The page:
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Immune mechanisms of lung injury, regeneration and fibrosis; identifying new therapeutic targets, and improved treatment for idiopathic pulmonary fibrosis and sarcoidosis. See our Spotlight video -

We study the immune mechanisms of  lung injury, regeneration and fibrosis with an ultimate aim of identifying new therapeutic targets. Our projects are divided into mechanistic and translational studies. Broadly, the programme has two aims – (1) to understand the contribution of immune cells to lung immunopathology, progressive lung fibrosis and aberrant alveolar regeneration and (2) to bring new treatment and improved clinical trials and management to patients with fibrotic lung diseases, focusing on idiopathic pulmonary fibrosis (IPF) and fibrotic sarcoidosis. 

We have a focus on immune pathology in the tissue and have developed methods to spatially deconvolute diseased lungs using single cell imaging mass cytometry. An example is the SpOOx pipeline using the MDV visualisation platform, developed in collaboration with Helen Byrne and Josh Bull (Mathematics Institute) and Martin Sergeant and Steve Taylor (WIMM Computational Biology) ( 


Macrophages in IPF lungsMacrophages in IPF lungs

Our work spans from looking at the molecular pathways in immune cells to murine models of injury and repair, and highly translational patient studies. For example, researchers in the group are also developing non-invasive methods to measure inflammation in the alveolar linings and use human blood samples to identify immune cells that predict those with lung fibrosis that are more likely to deteriorate.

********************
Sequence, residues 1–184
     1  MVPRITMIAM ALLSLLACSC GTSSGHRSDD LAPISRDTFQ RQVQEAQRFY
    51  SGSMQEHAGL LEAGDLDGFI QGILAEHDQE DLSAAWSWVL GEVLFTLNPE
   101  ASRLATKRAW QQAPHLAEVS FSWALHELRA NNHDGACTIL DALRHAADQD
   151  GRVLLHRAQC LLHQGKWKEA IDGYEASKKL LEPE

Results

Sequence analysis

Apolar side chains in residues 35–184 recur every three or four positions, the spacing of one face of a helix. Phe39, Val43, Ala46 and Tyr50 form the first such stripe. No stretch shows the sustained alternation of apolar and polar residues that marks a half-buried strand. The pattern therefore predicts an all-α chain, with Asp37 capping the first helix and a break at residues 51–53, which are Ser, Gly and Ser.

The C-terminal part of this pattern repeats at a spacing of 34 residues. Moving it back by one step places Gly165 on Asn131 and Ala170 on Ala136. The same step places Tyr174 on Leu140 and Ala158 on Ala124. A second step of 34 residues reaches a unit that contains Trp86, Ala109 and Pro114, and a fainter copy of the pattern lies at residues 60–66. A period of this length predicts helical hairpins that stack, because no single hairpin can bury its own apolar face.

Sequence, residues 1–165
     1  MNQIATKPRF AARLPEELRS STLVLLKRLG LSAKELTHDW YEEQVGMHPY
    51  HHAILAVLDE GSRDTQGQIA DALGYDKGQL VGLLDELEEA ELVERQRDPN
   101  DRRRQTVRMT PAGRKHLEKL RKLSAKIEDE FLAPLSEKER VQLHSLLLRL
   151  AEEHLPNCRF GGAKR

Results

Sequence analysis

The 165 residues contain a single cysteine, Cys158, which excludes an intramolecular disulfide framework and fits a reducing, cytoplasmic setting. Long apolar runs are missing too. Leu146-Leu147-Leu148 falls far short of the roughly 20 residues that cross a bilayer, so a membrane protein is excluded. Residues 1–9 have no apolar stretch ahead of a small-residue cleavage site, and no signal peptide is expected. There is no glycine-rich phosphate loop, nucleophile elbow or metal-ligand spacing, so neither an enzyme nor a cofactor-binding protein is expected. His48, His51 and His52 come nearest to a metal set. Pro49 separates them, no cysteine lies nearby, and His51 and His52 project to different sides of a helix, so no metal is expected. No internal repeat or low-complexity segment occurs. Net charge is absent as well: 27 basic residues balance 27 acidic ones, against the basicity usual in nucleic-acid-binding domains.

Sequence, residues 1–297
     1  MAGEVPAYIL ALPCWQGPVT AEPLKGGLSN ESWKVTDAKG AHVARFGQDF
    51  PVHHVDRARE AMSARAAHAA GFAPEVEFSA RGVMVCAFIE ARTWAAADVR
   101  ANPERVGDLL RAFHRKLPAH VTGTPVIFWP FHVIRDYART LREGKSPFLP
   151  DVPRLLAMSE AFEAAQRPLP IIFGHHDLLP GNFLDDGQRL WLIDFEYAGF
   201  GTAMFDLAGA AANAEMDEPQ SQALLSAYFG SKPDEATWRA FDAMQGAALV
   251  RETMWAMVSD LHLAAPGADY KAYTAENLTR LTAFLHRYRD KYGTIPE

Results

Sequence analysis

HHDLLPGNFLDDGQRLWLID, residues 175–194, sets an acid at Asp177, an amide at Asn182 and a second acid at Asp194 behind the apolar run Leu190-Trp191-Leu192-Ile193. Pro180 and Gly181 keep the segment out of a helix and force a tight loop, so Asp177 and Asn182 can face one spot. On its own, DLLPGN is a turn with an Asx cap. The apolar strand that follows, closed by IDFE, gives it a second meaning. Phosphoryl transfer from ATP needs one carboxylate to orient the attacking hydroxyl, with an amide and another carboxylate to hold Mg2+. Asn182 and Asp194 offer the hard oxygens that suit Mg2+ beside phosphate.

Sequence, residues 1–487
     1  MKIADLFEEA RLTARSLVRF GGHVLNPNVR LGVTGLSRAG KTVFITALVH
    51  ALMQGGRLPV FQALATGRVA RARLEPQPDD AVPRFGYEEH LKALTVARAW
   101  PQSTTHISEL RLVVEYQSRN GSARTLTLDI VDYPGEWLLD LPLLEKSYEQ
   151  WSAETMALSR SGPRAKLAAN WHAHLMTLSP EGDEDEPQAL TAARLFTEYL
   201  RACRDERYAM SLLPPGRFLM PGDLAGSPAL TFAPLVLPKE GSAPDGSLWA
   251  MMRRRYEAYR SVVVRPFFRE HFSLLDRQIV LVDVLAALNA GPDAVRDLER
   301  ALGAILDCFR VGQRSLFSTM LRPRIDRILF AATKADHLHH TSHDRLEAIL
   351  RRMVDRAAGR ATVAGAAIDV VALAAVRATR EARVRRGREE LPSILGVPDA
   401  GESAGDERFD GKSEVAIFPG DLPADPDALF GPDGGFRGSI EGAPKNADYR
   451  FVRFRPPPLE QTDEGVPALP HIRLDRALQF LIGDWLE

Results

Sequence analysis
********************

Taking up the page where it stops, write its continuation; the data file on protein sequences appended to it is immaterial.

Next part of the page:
Group Members

 Ling-Pei Ho, Vishal Nathwani, Harry Tian Hu, Sabrina Zulkifar, Chaitanya Vuppusetty, Jeongmin Woo and Praveen Weeratunga 


DPhil available

Elucidating the role of  tissue-resident immune cells in alveolar epithelial regeneration and lung fibrosis

Potential applicants with at least a 2:1 in their first degree, are invited to email Prof Ho to discuss this project. 

The lung is a distinct organ in terms of regeneration and self-renewal. In the steady-state, cell turnover is low, but after injury, it possesses tremendous ability to regrow its epithelium - a whole new lung segment can regenerate after partial pneumonectomy. Yet, in chronic lung disease e.g. idiopathic pulmonary fibrosis (IPF), regeneration is rare or occurs abnormally. The project examines the role of tissue-resident immune cells (innate lymphoid cells, Tregs, resident alveolar macrophages) in maintaining steady-state quiescence and coordinating appropriate repair after injury of the alveolar epithelium. The work will focus on the use of spatial transcriptomics to examine the in situ changes in tissue resident immune cells in the lungs,  its co-localisation with regenerating alveolar epithelium and alveolar progenitor cells during injury and regeneration/repair. There will be an emphasis on functional studies using alveolar organoids.

Contact details:

Our team

Selected publications